What is a “considerable amount” of business? That’s determined state by state, but for South Dakota the threshold is: online merchants with more than $100,000 in annual sales to state residents or 200 transactions with state residents to collect sales tax. In siding with South Dakota and overturning Quill, the Court opens up the opportunity for other states to charge sales tax on businesses that do not have a physical presence, but sell to consumers in the state through online and/or remote sales.


What's to Come

The 45 states that collect sales tax will review their current laws and regulations in order to implement sales tax collection.

The U.S. Supreme Court opinion also cited the Streamlined Sales and Use Tax Agreement (SSUTA) – which South Dakota is a part of – as a pathway for states. Under that agreement, which currently includes 24 states, states have standardized their systems to reduce administrative and compliance costs including requiring a single, state level tax administration, uniform definitions of products and services, simplified tax rate structures and simplification of tax returns and remittances. It also provides sellers access to sales tax administration software paid for by the state.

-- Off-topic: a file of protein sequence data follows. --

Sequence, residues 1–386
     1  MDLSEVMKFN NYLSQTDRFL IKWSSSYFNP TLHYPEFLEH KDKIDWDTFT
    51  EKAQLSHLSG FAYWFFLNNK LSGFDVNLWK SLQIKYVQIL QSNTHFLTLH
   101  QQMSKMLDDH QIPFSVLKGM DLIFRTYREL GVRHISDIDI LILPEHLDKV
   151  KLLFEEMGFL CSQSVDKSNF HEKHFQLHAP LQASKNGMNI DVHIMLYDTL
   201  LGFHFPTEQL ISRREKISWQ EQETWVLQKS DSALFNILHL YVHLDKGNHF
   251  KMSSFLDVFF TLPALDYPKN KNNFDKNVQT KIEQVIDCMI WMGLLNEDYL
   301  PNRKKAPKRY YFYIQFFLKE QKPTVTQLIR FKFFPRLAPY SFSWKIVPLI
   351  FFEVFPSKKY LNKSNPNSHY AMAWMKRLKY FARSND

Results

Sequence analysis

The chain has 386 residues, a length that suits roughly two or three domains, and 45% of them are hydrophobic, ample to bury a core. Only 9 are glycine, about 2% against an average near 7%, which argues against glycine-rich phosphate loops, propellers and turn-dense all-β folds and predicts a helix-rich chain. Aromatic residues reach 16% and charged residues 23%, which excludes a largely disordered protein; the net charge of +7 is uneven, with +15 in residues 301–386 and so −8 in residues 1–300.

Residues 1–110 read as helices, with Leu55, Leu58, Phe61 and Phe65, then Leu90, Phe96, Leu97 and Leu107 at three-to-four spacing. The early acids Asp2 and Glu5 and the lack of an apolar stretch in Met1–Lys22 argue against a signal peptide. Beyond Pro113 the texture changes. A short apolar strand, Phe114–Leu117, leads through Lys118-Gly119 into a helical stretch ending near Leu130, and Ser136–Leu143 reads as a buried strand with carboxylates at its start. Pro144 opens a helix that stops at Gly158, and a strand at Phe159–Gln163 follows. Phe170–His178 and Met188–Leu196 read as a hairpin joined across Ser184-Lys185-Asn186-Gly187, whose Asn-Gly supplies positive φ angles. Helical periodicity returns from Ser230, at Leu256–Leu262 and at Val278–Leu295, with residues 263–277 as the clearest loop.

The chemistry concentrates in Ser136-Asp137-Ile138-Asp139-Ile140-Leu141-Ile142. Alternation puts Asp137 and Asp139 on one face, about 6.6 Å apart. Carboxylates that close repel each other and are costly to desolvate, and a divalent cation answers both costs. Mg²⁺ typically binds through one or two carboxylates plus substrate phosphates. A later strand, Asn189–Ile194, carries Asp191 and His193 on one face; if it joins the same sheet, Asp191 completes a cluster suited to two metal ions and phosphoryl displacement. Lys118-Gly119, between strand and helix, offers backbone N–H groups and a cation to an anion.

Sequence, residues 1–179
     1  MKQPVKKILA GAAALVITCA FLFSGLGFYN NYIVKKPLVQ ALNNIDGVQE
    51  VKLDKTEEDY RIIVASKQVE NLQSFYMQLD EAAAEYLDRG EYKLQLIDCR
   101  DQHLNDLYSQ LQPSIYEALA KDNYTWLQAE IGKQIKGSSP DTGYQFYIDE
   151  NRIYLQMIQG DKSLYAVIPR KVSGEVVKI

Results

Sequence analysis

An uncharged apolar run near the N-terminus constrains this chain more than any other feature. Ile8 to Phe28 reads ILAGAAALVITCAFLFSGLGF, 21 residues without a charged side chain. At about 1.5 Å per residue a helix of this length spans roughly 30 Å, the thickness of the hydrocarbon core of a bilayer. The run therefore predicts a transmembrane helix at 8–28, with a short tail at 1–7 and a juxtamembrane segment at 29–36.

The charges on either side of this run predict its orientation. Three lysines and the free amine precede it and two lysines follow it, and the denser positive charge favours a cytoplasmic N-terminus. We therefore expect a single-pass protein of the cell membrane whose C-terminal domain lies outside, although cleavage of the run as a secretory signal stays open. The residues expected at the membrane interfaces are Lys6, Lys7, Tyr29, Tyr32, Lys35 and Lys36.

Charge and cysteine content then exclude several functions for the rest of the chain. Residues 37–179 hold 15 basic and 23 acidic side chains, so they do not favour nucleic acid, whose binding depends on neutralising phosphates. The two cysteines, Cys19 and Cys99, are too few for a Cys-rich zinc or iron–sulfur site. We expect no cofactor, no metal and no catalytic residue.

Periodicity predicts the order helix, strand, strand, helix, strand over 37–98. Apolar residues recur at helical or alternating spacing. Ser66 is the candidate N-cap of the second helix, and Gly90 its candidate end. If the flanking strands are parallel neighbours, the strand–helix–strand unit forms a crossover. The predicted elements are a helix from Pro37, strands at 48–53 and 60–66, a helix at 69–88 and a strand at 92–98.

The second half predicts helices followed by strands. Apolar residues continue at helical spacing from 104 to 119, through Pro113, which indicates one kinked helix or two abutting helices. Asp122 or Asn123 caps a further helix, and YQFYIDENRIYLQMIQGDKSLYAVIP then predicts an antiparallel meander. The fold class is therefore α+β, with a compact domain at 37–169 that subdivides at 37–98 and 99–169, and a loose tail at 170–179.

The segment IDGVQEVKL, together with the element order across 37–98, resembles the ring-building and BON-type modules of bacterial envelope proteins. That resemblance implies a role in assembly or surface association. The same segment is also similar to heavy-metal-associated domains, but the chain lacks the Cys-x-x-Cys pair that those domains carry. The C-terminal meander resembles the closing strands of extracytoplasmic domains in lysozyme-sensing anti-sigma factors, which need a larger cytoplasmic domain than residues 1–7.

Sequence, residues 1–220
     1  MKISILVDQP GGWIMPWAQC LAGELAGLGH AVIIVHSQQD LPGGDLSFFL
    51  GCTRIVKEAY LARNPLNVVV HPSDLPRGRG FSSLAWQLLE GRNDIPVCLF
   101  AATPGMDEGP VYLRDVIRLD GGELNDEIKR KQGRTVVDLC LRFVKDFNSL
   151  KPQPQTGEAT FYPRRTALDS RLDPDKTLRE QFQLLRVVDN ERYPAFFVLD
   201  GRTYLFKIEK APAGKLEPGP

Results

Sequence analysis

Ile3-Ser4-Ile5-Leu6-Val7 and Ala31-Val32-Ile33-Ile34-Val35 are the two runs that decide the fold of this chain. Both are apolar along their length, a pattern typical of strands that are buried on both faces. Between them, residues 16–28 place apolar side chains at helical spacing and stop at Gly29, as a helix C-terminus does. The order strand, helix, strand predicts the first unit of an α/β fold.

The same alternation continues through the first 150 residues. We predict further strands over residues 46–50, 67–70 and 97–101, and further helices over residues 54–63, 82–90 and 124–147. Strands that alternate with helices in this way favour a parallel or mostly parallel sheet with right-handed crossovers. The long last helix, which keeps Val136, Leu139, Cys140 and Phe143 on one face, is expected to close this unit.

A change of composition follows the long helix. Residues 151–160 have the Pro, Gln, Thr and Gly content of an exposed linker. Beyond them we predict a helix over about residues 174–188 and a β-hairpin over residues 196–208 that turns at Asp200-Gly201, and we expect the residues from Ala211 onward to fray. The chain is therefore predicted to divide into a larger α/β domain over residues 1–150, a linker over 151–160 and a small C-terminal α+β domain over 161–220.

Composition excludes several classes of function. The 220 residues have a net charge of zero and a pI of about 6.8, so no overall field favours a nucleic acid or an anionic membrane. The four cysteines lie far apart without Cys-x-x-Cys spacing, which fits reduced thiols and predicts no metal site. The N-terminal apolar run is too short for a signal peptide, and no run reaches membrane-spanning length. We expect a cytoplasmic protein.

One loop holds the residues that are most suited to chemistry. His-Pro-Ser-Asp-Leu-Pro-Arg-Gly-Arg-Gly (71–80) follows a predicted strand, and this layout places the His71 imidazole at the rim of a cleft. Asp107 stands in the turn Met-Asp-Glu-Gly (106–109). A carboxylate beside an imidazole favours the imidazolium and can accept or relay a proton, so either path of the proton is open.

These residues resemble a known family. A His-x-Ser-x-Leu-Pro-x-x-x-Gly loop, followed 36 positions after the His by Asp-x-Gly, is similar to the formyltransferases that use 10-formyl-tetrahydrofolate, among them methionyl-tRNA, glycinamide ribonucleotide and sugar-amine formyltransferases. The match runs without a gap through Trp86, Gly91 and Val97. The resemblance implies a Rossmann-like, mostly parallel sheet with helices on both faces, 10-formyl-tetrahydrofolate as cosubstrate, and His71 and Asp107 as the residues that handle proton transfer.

Timing

Companies that sell online should begin to prepare for the changes, though they will not be immediate in most states. While a number of laws – including South Dakota’s – are in place, states may be required to take further action. For example, while the law in South Dakota was enacted in 2016, there has been a circuit court injunction that prevents it from moving ahead. With the Supreme Court’s ruling, the case returns to the South Dakota court system for further proceedings. For a number of states, there may not be activity until after state legislatures are back in session in 2019. Others may look to collect via changes to state regulations, versus laws.


JA's Advocacy Continues


Jewelers of America believes federal legislation may still be needed and supports efforts by Congress to pass sales tax fairness. At the same time, we’ll be watching the state implementation process. We’ll be keeping a close eye to ensure it achieves the goal of leveling the playing field for our brick-and-mortar members, while not proving to be an undue burden for small businesses that sell online.

JA will provide updates for our members as needed, continuing to offer the essential information and tools they need to navigate the changes.

More Information


  • National Retail Federation
  • National Jeweler
  • Streamlined Sales Tax Governing Board - Includes information on Certified Service Providers, who offer sellers services that include everything from registering them to collect sales tax in the 24 states that are part of the Streamlined Sales and Use Tax Agreement (SSUTA) to reporting and filing state level returns. The site also provides information on how online sellers can register on their own to collect sales tax in states that require it.
Follow Us: Facebook Twitter Pinterest Instagram Linkedin